On 9/17/05, Far=E9 <fahree@...> wrote:
> * One problem that SBCL has is that it tries to do all filesystem
> with BASE-STRING, which is only 7-bit when SB-UNICODE is defined.
> This sucks big stinky ass. I really think SBCL should provide 8-bit char=
> and 8-bit strings, be they BASE-CHAR or another CHAR type, unless it
> rehowls its filesystem code.
> =09touch "Far=E9" ; sbcl --eval '(write (directory "Far*")) (terpri)'
> It would also be mighty cool to have some magic to magically convert
> (simple-array (unsigned-byte 8) (*)) and (simple-array 8bit-char (*)).
Note that external-format or whatever support for namestrings won't do:
if the filename is not valid UTF-8 or whatever, you still won't be able
to access it. Inasmuch as the underlying filesystem interface is defined
in terms of octets, the only way to access it fully is in terms of octets.
(Of course, you make do with the latin1 subset of a 32-bit char being the
octet -- wasteful but works better than a 7-bit BASE-CHAR.) Personally,
I feel that not being able to fully access the filesystem is less than
useful. And if sb-posix is also using pathnames, so there's no escape
short of rewriting the whole interface. Sigh.
> * And, whoa, look how even a seemingly simple OPEN will do call directory=
> which itself will call truename! That's heavyweight stuff for a simple
> operation. And it makes my previous bug report about the brokenness of
> truename all the more pressing.
That's complete bullshit. I can't read properly. As Xophe told me, a simple
(trace directory) (open "/etc/motd") shows it doesn't.
> * I'm willing to fix the probe-file/truename problem, if no one else care=
> It involves doing a proper directory-truename before to do any path
> simplifications. [...]
Still holds. Basically, do the same as that realpath program used by c-l-c.
> * Finally, while hacking sbcl, I was bitten several times by the fact tha=
> SBCL begins writing a FASL immediately, and doesn't cleanup if it has to
> abort while detecting an error in the file.
Looks like it tries cleans up, but the cleanup is not sufficient if the
error badly messed with lisp, or the lisp is otherwise killed (and I
casually got segfaults while debugging that alien code).
Xophe, consulted on #lisp, for some reason, seems to dislike atomic file
replacement from a temporary; he argued about complexity or security
problems about it -- but I think his arguments do not apply to this case.
As concerns complexity, if even my cl-launch shell script can do atomic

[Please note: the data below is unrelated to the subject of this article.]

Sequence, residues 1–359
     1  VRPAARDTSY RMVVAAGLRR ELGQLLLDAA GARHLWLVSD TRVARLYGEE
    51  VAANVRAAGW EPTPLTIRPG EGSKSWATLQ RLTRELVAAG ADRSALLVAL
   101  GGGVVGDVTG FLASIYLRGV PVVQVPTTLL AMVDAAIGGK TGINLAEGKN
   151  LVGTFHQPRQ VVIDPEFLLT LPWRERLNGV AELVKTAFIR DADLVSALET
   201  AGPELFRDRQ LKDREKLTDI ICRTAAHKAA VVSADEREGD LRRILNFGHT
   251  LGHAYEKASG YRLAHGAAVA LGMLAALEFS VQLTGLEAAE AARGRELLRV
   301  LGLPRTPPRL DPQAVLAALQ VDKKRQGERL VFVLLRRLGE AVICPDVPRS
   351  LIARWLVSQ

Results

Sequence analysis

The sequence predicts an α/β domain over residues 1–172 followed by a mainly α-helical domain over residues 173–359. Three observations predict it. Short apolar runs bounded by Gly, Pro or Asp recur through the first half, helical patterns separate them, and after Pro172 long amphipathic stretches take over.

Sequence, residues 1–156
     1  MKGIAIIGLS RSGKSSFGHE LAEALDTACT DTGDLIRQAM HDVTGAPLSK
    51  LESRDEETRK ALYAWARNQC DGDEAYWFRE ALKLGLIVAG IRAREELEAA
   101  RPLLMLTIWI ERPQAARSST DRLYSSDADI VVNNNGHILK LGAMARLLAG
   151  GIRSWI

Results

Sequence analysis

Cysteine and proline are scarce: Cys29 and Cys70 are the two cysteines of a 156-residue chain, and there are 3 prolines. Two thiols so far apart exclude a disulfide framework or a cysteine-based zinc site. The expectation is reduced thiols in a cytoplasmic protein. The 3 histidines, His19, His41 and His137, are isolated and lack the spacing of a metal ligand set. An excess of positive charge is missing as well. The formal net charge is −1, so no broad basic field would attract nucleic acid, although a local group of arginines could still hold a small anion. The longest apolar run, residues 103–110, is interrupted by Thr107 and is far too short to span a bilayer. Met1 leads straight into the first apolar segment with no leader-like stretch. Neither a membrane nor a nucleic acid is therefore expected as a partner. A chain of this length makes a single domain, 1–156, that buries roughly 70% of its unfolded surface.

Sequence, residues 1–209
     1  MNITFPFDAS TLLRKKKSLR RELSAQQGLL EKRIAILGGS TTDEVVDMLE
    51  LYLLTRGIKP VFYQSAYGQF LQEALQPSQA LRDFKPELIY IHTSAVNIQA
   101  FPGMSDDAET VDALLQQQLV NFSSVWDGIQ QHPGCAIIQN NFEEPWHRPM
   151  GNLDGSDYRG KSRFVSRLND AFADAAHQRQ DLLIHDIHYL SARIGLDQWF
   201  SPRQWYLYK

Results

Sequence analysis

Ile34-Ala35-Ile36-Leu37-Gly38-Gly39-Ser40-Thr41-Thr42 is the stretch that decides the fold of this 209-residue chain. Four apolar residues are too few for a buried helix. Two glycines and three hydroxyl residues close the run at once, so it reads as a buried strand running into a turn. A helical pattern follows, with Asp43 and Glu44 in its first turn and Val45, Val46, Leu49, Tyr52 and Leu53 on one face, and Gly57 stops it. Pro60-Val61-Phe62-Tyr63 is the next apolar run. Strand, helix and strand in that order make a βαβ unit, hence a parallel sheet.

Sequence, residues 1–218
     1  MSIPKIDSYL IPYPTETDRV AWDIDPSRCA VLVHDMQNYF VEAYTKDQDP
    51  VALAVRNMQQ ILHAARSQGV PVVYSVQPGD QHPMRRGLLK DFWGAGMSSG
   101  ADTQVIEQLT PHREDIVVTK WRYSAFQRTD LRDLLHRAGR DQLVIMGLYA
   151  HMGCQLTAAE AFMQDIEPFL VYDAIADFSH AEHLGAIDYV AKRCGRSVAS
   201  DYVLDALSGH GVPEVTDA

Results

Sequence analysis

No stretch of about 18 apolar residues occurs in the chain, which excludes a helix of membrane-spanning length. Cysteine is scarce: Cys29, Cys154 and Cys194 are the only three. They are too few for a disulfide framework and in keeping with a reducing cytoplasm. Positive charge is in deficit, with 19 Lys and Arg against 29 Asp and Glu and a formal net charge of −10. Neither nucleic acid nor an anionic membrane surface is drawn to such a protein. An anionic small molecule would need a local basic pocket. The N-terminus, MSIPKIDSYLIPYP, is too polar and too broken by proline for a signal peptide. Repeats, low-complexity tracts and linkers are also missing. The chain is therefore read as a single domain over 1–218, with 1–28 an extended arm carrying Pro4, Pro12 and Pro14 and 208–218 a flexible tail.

file update (see its higher-order function create_file), there's no reason
why a lisp program can't do it. Here's the gist of it:
((s filename &optional (tmpname)) &body body)
`(evaluate-once (,filename ,tmpname)
(unless ,tmpname (setq ,tmpname (make-tmpname-for ,filename)))
(with-output-file (,s ,tmpname :direction :io
=09=09=09 :if-does-not-exist :create :if-exists :error)
(rename-file ,tmpname ,filename))
(ignore-errors (delete-file ,tmpname) nil)))
As for security, Xophe speaks of problems with /tmp -- but well, they
are problems with /tmp and atomic file updates works with a temporary
not in /tmp but in the same directory as where the fasl is to be created,
and this needs be owned by the user himself. There's no reason to ever do
anything directly in /tmp anyway: if you really want to do *anything*
interactively under /tmp, the only secure thing to do is to create a
directory /tmp/$USERNAME/ that you own (with a proper umask). Anything
else is a race condition that opens you to attacks.
Thus, mapping footruename.fasl to footruename.fasl-tmp seems plenty secure
enough to me -- and provides a nice network-aware interprocess locking=20
mechanism, too (with the correct NFS mounting options). If you want to be
paranoid, you should just check that the current directory is not
Even if we dont use atomic file creation, the least we could do is to not
tag a FASL as valid until it has been completely and successfully compiled.
The header should include a flag that is written last, or (if we don't want
to file-position) there should be a footer that includes a checksum,
Finally, I think no fasl should be created if there's an error. If there's
a warning, I'm not sure whether a fasl must be created, but if it must,
then loading it should be a warning, too.
[ Fran=E7ois-Ren=E9 =D0VB Rideau | Reflection&Cybernethics | http://fare.tu=
Being a graduate student is like becoming all of the Seven Dwarves.
In the beginning you're Dopey and Bashful. In the middle, you are
usually sick (Sneezy), tired (Sleepy), and irritable (Grumpy). But
at the end, they call you Doc, and then you're Happy.
=09-- Ronald T. Azuma, http://www.cs.unc.edu/~azuma/hitch4.html